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Be Well.

A health and wellness blogazine for Auburn University Students. 

10 Simple Ways to Minimize Stress and Elevate Happiness

10 Simple Ways to Minimize Stress and Elevate Happiness

Stressed out? Here are 10 tips to boost your happiness.

Despite Auburn's abundance of fun and relaxing activities, most of us feel overwhelmed at some point in the semester. Tests and projects start to pile up, but you don't have to worry. When coffee breaks and music playlists aren’t enough to calm the storm around you, try these 10 tips to help minimize your stress and elevate your happiness. 

Wake up and do a 5-minute yoga stretch instead of getting on your phone! 

Yoga is the ultimate stress reliever, and taking five minutes to stretch before starting your day does wonders. You will feel energized and ready to start your day.

Take a shower in the morning.

Not only will you be fresh and clean, but it will wake you up, leaving you feeling renewed for the day ahead.

Dress to boost your confidence.

Dressing well not only makes you more confident, but it also makes you feel more in control of the day. Changing up your style or simply making an effort makes a huge difference. If you are indecisive when it comes to finding the right look, try laying out a few options the night before. You'll save time and still look and feel your best.

Leave your house ten minutes earlier and give yourself a morning treat.

Whether it’s coffee or a quick bite to eat, it is always good to have something on your stomach. Fueling your brain is essential to having a productive day!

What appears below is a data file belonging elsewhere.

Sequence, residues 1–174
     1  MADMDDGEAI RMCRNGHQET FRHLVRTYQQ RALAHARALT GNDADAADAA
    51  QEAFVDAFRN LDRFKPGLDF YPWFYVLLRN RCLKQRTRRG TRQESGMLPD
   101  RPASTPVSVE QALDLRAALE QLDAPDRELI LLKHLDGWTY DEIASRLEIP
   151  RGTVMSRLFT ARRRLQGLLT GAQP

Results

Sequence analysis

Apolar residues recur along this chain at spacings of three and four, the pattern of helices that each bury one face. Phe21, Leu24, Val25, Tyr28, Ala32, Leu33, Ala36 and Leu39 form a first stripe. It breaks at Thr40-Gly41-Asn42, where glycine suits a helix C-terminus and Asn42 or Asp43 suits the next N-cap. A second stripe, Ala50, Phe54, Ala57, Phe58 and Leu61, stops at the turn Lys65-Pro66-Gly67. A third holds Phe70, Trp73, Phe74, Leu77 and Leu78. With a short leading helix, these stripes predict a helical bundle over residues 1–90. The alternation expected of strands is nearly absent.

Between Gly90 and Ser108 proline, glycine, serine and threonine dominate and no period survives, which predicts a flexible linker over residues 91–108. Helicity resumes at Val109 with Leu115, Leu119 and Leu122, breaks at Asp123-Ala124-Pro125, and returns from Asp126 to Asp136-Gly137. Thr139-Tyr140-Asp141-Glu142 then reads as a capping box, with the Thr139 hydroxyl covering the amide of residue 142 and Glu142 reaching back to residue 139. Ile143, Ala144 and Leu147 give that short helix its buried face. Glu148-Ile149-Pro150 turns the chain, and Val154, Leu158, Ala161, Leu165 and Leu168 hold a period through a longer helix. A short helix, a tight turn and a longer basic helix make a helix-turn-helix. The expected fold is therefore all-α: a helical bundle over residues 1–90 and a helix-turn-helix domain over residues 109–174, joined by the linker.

Plan your day before it starts.

Have a tangible planner where you can see your obligations and check off your accomplishments. It's a great way to remember tasks, and it'll boost your productivity. Check out out favorite planners here!

Give yourself a break.

Don’t fight your body’s signals. Take a 20-minute nap during your day if you’re tired. If naps aren’t your thing, or if you only have a break on campus, then take 20 to 30 minutes to watch an episode of "The Office" or sketch. Allow your brain to pause for a little while, and you'll soon see the long-term benefits.

Work from 7 a.m. to 5 p.m., Monday through Friday.

This is a great way to pace yourself while allowing your nights to be free for meetings or lounging. If you have long breaks on campus, find a quiet spot to work on homework or study. Accomplish the important stuff while you are in work and school mode, so when the evening rolls around, you can just relax and unwind.

Don’t stay up past midnight studying.

You can’t always get everything done before 5 p.m. Life happens. But staying up all night should not be the first alternative. You can’t expect much from yourself if you don’t let your mind and body rest. Instead, study until midnight, then call it quits. Go to bed, and wake up early around 6 a.m. or 7 a.m. to continue. You’ll feel more rested, and you’ll process the information more effectively. Plus, you won't crash in the middle of your test the next day.

Use the weekend to plan for the rest of the week.

Sunday is perfect for mapping out the upcoming week. Know what your week entails, and you'll be mentally prepared for it. You can also prepare for a really busy week by meal prepping. This will save you time during the week to focus on other, more pressing deadlines and due dates. Just cook or prepare a quick meal or snack and then leave it in the refrigerator until you need it.

Finally, give yourself grace and strive to be your best, not to be perfect.

Perfection is overrated. As long as you’re doing your best, you have a lot to be proud of. Don’t create even more stress by placing goals on yourself that are unfair and unattainable. You are human, and that is okay. You got this.

Making these quick, simple changes to your daily routine will help you beat the inevitability of stress in your life. So breathe, try them out, and feel the change! Also, if you're constantly feeling stressed or anxious, consider seeking help with the Auburn Student Counseling Services.

As always,

Be well, Auburn.

Photography: Jack P.

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